What You Believe About Homosexuality Doesn’t Matter | Tyler Smither
Angel Haze - Same Love
"At age thirteen, my mom knew I wasn’t straight
She didn’t understand but she had so much to say
She sat me on the couch, looked me straight in my face
And said you’ll burn in hell or probably die of AIDS”
Pansexual rapper exchanges Mackelmore’s no-homo lyrics for a freestyle about her experience as a member of the LGBTQIA+ community.
For American media, Pakistan only exists in the context of security concerns: the Taliban, terrorism, fundamentalist Islam, and the war in Afghanistan. Outside of this context, there is no Pakistan.
By comparison, consider how the U.S. media reported on related developments in India. When the Delhi High Court threw out an Indian law banning gay sex, American newspapers trumpeted the news. As the New York Times reported, “In a landmark ruling Thursday that could usher in an era of greater freedom for gay men and lesbians in India, New Delhi’s highest court decriminalized homosexuality. ” Plenty of other U.S. media outlets sounded off too.
But the heavy U.S. coverage of the Indian Supreme Court’s decision also fits into a pre-existing Western narrative of India. As the story goes, India is a growing democracy and a rising economic power. In that context, the story of the expansion of Indian equality easily resonates in the American mind. Not only is the U.S. simultaneously addressing similar challenges faced by gay and lesbian Americans, but there is a strong underlying belief that democracies perfect themselves over time through an expansion of liberty across society.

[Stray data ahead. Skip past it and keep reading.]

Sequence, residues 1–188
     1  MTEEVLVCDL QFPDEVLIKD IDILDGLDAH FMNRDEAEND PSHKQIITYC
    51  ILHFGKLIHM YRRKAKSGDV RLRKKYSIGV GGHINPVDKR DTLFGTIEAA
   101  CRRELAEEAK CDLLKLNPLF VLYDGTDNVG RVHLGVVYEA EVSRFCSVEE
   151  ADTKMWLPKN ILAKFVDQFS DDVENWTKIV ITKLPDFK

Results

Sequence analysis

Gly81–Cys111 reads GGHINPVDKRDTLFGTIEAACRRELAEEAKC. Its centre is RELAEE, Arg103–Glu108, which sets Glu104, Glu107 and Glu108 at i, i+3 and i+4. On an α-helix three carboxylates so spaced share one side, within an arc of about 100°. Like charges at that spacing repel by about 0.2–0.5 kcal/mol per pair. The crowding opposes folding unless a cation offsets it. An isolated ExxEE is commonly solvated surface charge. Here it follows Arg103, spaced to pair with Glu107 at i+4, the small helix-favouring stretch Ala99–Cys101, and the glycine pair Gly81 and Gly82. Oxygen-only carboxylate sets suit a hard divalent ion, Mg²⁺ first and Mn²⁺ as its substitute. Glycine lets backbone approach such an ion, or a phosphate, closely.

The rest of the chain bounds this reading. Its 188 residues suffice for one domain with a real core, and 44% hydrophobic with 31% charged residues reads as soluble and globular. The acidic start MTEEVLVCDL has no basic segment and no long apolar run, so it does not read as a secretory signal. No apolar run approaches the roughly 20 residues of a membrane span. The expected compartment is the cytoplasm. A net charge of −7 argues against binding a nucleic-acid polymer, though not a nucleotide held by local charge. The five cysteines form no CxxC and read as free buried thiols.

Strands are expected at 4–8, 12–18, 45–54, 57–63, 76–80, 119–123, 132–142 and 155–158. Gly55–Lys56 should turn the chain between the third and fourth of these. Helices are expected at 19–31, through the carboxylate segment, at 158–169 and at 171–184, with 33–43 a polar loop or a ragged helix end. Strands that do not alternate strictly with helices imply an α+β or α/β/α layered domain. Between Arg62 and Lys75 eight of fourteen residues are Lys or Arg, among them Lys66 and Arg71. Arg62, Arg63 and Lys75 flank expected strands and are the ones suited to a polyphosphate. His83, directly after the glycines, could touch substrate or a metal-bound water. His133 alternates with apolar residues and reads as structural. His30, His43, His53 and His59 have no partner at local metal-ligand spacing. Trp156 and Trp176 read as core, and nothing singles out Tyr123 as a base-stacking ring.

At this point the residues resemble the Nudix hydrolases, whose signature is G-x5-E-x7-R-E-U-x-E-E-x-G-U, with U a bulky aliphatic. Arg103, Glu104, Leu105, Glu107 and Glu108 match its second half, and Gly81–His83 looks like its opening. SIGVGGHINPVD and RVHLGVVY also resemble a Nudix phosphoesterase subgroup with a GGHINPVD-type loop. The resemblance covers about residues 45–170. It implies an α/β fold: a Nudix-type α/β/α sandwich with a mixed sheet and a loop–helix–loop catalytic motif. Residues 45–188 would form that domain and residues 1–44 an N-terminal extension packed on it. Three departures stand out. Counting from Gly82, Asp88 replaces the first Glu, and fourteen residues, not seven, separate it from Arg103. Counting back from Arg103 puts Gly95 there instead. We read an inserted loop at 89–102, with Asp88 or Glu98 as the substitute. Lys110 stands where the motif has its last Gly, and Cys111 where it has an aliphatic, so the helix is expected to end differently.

Unfortunately, Pakistan’s story of expanding equality for transgendered citizens doesn’t quite fit the pre-written American narrative. After all, Pakistan was supposed to be on the verge of becoming a “failed Islamic state.” How can the same country possibly have a Supreme Court that bars discrimination against a sexual minority?
You can imagine the cognitive fit that such a news story might induce in the mainstream U.S. media. How can an Islamic jurist advocate for transgender communities? Why weren’t there Pakistani riots when the decision came down?
None of this, of course, fits within the dominant U.S. narrative on Pakistan. First of all, transgender equality in Pakistan isn’t a security issue. Second, Muslim jurists and courts aren’t expected to advocate for the rights of sexual minorities. Third, it carries the subtle implication that U.S. support for Musharraf actually delayed the pursuit of equality for an aggrieved community.
No wonder the mainstream U.S. media couldn’t find space for this story. It just doesn’t fit.
I’m disappointed that this year, I will be unable to participate in the parade. As mayor of the city of Boston, I have to do my best to ensure that all Bostonians are free to participate fully in the civic life of our city. Unfortunately, this year, the parties were not able to come to an understanding that would have made that possible.
Texas’ current marriage laws deny homosexual couples the right to marry, and in doing so, demean their dignity for no legitimate reason.